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WHO expert group to make recommendations on AZ-Oxford vaccine

PT Jyothi Datta Mumbai | Updated on February 09, 2021 Published on February 09, 2021

Review follows concerns on use in the elderly, effectiveness against new variants

An expert group reviewing the Covid-19 vaccine from the AstraZeneca-Oxford University combine will convey its recommendation for the use of this product to the World Health Organization Chief Dr Tedros Adhanom Ghebreyesus on Tuesday.

SAGE or the WHO’s Strategic Advisory Group of Experts on Immunisation met on Monday “to review evidence on the AstraZeneca/Oxford vaccine, including emerging evidence on performance against viral variants, and to consider the demonstrated impact of the product and the risk-benefit assessment for use cases with limited data,” a note from Covax, a WHO-supported vaccine initiative said.

The development comes as more countries limit the age at which the AZ-Oxford Covid-19 vaccine is administered, to 65 years. Spain and Belgium went one step further and stopped at 55 years, according to reports. Meanwhile, South Africa stopped giving this vaccine, after a study showed it was minimally effective at preventing mild to moderate disease caused by a variant first identified in South Africa.

“This is clearly concerning news. However, there are some important caveats,” said Dr Tedros. “Given the limited sample size of the trial and the younger, healthier profile of the participants, it is important to determine whether or not the vaccine remains effective in preventing more severe illness,” he added.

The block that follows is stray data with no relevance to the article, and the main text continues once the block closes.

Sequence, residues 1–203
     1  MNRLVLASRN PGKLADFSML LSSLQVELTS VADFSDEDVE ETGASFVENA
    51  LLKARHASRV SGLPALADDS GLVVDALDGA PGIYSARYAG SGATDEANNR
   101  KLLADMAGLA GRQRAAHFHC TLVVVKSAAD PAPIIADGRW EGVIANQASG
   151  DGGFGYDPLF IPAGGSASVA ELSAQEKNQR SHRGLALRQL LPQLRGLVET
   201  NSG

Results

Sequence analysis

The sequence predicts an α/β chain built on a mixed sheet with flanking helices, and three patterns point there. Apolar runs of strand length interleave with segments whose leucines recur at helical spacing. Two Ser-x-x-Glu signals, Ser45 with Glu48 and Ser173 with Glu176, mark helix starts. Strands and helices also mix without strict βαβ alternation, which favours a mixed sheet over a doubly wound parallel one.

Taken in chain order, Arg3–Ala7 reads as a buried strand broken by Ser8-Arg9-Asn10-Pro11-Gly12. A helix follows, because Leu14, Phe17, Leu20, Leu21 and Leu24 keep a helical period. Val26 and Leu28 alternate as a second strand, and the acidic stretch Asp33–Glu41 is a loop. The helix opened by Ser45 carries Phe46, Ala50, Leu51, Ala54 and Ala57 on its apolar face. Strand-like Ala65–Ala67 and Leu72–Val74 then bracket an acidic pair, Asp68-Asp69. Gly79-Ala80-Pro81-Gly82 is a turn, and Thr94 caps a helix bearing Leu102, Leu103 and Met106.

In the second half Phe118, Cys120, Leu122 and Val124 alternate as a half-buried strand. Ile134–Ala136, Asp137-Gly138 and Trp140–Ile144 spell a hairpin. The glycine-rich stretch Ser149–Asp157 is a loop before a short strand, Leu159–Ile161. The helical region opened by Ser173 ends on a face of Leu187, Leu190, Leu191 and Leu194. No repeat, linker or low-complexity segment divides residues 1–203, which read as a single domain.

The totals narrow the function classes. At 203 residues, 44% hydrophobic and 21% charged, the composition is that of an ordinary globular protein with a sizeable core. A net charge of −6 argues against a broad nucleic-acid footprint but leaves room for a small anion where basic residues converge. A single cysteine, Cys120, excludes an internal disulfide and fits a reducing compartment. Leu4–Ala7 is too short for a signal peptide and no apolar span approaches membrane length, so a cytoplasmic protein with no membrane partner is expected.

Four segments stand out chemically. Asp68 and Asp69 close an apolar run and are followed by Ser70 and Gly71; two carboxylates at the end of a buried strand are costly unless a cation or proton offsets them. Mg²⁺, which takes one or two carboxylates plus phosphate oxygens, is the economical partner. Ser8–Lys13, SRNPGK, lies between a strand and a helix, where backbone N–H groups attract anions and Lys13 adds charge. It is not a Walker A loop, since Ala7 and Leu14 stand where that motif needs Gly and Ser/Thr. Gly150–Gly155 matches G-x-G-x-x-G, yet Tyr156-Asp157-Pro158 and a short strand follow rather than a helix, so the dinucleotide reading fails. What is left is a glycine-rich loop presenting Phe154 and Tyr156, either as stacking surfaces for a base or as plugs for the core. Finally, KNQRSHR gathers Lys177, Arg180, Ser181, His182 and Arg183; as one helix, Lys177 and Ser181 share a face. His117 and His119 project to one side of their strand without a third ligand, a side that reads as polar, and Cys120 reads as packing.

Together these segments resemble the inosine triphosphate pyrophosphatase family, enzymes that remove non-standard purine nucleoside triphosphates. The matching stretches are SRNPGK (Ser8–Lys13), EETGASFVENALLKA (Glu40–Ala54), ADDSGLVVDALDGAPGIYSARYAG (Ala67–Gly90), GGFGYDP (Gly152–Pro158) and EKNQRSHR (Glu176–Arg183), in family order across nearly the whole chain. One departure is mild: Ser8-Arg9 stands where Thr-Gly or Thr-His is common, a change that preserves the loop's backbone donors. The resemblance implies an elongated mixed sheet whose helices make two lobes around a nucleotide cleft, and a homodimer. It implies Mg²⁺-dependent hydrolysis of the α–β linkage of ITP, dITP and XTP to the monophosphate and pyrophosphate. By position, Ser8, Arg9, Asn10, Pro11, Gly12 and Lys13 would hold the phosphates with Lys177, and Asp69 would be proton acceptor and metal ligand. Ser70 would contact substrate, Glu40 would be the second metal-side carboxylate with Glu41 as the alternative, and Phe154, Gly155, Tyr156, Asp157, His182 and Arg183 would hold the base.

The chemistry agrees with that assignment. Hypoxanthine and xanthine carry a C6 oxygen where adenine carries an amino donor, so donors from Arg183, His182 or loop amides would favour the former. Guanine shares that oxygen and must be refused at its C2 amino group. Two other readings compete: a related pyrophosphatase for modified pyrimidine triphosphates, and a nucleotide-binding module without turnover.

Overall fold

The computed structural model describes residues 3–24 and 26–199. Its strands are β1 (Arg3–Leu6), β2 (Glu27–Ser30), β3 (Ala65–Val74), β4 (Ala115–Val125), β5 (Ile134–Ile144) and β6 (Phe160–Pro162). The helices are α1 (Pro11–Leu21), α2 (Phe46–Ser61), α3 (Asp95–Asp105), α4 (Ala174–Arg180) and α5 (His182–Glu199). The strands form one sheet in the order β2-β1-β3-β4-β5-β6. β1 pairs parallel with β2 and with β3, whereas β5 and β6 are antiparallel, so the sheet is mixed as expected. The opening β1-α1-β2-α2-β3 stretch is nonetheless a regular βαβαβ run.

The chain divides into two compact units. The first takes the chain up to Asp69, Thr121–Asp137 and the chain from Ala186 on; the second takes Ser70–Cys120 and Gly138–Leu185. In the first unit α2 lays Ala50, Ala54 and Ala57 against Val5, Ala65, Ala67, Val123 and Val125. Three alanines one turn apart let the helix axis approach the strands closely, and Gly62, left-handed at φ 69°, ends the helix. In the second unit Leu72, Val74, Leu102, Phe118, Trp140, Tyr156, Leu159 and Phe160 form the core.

The WHO is expected to decide on the emergency use listing of the Oxford-AZ vaccine in the next few days, for the two sites in India and the Republic of Korea which will produce it for COVAX, he said.

Covax has an agreement on the AZ-Oxford vaccine to distribute nearly 350 million doses in the first half of the year. Serum Institute of India will make and distribute the vaccine in low and middle income countries.

The Oxford-AstraZeneca vaccine is one of several that has been shown to be effective in preventing severe disease, hospitalisation and death from Covid-19, Dr Tedros and other experts addressing the media said.

‘Suppressing transmission’

“Several countries are succeeding in suppressing transmission, including those where new variants are circulating,” he said, adding that manufacturers too would have to adjust to the evolution of the virus, taking into account the latest variants for future shots, including boosters.

“We know viruses mutate and we know we have to be ready to adapt vaccines so they remain effective. This is what happens with flu vaccines, which are updated twice a year to match the dominant strains,” he said.

While the WHO has an existing mechanism to track and evaluate variants of the virus, countries too need to report these variants to the WHO, so they could globally coordinate and advise countries accordingly, he said.

“These developments highlight why it’s so important to scale up manufacturing and roll out of vaccines as quickly as possible and as widely as possible to protect people before they are exposed to new variants,” he added.

Additional studies

Meanwhile, the Covax note said, that additional studies were being funded by CEPI (Coalition for Epidemic Preparedness Innovations) “to optimize and extend the use of existing vaccines, which could include “mix-and-match” studies of different vaccines used in combinations that may improve the quality and strength of the immune response.”

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Published on February 09, 2021
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